Editor's viewpoint: Supergrass Haggarty case has let down the victims
The collapse of the loyalist supergrass case involving former UVF commander Gary Haggarty involves heavy costs on several fronts.
The obvious one is the bill for this complex investigation involving 16 people that Haggarty agreed to give evidence against as an assisting offender. Spanning several years, 1,000 interviews by police running to 12,000 pages of evidence, a probe by the Police Ombudsman and the legal scrutiny of the completed evidence, the financial cost could easily run into the millions. That would also take into account the relocation and new identity for Haggarty.
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While a failed trial would have added considerably to the bill, the decision by the Public Prosecution Service to drop the case against 11 former paramilitaries and two police officers named by Haggarty has an even more serious cost - the loss of confidence in the whole process by the families of those murdered by Haggarty and his fellow loyalist terrorists.
Like so many other bereaved relatives in Northern Ireland, they had hoped to gain some sort of closure of the trauma they have endured for decades. They felt this prosecution could give them some answers as to why their loved ones were killed and by whom. There could also be retribution if convictions were obtained.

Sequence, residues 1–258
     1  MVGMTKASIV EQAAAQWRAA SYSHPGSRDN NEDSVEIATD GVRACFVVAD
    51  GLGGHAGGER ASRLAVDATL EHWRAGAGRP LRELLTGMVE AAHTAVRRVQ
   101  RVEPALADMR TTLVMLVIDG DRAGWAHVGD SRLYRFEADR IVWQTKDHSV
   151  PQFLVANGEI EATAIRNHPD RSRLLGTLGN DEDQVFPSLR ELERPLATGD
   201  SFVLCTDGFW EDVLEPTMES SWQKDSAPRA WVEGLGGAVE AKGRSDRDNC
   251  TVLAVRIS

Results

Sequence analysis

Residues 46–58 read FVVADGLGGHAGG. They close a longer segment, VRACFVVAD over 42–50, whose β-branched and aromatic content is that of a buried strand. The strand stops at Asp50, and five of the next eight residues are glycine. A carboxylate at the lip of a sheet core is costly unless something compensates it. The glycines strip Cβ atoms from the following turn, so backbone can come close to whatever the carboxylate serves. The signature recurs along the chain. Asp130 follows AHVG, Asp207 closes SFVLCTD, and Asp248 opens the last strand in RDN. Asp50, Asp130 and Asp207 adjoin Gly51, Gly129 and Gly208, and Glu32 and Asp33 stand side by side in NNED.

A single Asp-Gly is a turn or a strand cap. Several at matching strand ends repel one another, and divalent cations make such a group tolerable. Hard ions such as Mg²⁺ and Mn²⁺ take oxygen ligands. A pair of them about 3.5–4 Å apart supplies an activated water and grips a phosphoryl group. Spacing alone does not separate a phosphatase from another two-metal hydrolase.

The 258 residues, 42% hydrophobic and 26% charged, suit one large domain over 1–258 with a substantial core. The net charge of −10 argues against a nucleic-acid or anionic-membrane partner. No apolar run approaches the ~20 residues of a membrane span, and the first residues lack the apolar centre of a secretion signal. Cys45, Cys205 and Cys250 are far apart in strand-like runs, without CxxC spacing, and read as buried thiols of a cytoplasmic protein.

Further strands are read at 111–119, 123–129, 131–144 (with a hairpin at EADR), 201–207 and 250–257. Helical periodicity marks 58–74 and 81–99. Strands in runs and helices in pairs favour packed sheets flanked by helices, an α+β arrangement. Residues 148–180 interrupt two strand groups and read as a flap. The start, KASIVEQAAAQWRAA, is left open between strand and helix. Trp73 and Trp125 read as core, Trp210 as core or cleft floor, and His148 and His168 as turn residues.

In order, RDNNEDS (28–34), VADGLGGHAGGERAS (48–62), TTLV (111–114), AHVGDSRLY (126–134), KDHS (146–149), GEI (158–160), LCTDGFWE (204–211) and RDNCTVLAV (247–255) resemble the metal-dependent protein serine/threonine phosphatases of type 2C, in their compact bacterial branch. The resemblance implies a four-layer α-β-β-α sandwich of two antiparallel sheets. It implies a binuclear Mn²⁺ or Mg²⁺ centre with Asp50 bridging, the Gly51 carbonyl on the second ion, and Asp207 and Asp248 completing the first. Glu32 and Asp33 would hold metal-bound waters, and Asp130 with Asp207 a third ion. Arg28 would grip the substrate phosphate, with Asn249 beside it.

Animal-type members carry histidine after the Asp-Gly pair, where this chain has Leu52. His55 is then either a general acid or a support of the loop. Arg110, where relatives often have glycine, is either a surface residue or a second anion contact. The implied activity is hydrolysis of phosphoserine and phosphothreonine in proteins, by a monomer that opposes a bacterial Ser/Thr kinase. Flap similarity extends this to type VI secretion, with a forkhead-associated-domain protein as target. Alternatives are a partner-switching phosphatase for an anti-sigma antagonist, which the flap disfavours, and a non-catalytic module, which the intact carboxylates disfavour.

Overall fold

But PPS director Barra McGrory explained that in spite of all the effort put into this investigation, there was insufficient corroborating evidence to make a successful prosecution a reasonable prospect.
The relatives have every right to feel both disappointed and angry. They have, as Mr McGrory conceded, revisited the trauma of their loved ones' deaths and gained nothing in return. However, a decision has yet to be made on prosecutions against three other men Haggarty gave evidence against.
The concept of using paramilitaries - so-called supergrasses, now renamed assisting offenders - has had an inglorious history in the province. Doubts remain about the credibility of those who give evidence in return for reduced sentences, and even where convictions were obtained in the past, many were overturned on appeal.
In this case - at least to date - the only person to gain is Haggarty. He admitted 202 offences, including five murders, but will serve a much reduced sentence because of assistance given to police.
To the bereaved families, it doesn't seem like justice.